Choose a Passwordget help

To protect your SFU account, your computing ID will require a fairly stringent password. To help with the design of your password, we've outlined some tips to ensure you're set up for success. 

At SFU, every student, staff, and faculty account can also take advantage of SFU's multi-factor authentication (SFU MFA) service. This single extra layer of protection can drastically enhance your account's security. 

 

Things to Avoid:

  • Any word in any dictionary (including foreign language dictionaries), or any prefix, suffix, etc. of such a word.
  • Any concatenation of two or more such words.
  • Any personal information. For example, your social insurance number, names of relatives, friends, significant others.
  • Avoid familiar phrases such as names of pets, car models, license plate numbers etc.
  • Don't use repeate passwords, suggested passwords or other passwords that you've seen written down.
  • Any sequence of adjacent keys on the keyboard. For example, "Qwerty".

Tips for Creating a Secured Password:

  • Contain a mix of upper-case and lower-case letters.
  • Contain punctuation characters and/or numerals. 
    • Note that colon (:) semicolon (;) asterisk (*) and plus (+) cannot be used.
  • Be as long as possible.
  • Be easy to remember. Mnemonics assist greatly in this process.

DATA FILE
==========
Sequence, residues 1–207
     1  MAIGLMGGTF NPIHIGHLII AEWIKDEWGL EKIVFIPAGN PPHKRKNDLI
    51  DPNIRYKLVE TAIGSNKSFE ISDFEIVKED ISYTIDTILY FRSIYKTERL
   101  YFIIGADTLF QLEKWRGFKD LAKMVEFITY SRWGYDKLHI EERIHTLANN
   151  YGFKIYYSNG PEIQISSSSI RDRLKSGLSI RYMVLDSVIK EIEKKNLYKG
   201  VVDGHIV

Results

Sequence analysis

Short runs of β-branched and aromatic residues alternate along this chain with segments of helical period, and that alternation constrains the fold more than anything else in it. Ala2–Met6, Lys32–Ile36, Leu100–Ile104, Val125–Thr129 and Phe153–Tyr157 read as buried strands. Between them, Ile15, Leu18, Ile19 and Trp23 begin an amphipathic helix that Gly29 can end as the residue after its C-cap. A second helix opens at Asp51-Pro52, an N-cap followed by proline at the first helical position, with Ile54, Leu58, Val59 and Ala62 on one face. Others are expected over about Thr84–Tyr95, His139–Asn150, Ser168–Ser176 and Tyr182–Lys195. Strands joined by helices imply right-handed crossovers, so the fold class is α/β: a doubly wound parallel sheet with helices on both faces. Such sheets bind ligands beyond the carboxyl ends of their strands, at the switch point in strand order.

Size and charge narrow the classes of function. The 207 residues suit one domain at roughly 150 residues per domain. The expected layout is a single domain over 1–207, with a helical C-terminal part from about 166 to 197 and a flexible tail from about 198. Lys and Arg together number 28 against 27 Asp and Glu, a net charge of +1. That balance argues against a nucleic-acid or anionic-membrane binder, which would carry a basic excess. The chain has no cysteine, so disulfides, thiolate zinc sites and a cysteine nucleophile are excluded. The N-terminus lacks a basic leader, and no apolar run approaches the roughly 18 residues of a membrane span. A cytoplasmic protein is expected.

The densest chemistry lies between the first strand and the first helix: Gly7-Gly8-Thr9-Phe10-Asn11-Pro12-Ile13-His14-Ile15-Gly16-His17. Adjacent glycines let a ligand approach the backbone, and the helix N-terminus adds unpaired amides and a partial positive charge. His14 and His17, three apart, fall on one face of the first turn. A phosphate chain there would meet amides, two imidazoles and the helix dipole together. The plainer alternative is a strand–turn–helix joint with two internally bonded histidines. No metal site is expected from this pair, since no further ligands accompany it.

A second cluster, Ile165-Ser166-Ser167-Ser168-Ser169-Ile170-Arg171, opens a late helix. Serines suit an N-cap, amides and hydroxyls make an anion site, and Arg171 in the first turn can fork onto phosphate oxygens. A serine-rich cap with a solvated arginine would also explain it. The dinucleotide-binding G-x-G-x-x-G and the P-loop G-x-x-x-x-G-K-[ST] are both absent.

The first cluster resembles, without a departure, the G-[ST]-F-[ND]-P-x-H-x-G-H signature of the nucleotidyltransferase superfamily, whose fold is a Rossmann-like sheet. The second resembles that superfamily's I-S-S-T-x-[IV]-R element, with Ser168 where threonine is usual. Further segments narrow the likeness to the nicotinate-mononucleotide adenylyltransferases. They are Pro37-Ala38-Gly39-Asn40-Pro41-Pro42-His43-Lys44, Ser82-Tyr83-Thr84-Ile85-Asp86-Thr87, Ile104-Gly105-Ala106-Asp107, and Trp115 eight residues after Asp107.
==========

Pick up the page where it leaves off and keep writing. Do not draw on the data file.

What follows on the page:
Some of these rules are enforced by the system when you choose a new password.

Examples of Secured Passwords:

1. Mnemonic Passwords

For instance, take the first letters and punctuation of the phrase, "Hail the Gophers, they're my heroes!" You end up with the password "HtG,tmh!". That's a good password that's also easy to remember.

2. Link Two Short, Misspelled Words

Another idea is to link two short, misspelled words with some other characters. For instance, the Big Ten conference becomes the password "Byg,Tyn!".

Why is Having a Good Password Important?

It protects you. If someone gains access into your account they may be able to obtain information about you to commit
identity fraud.

It protects the system. Most systems can be compromised once a hacker has gotten an account on the system.
The easiest way to get an illicit account is to exploit a weak password. Passwords are the first line of defense against hackers.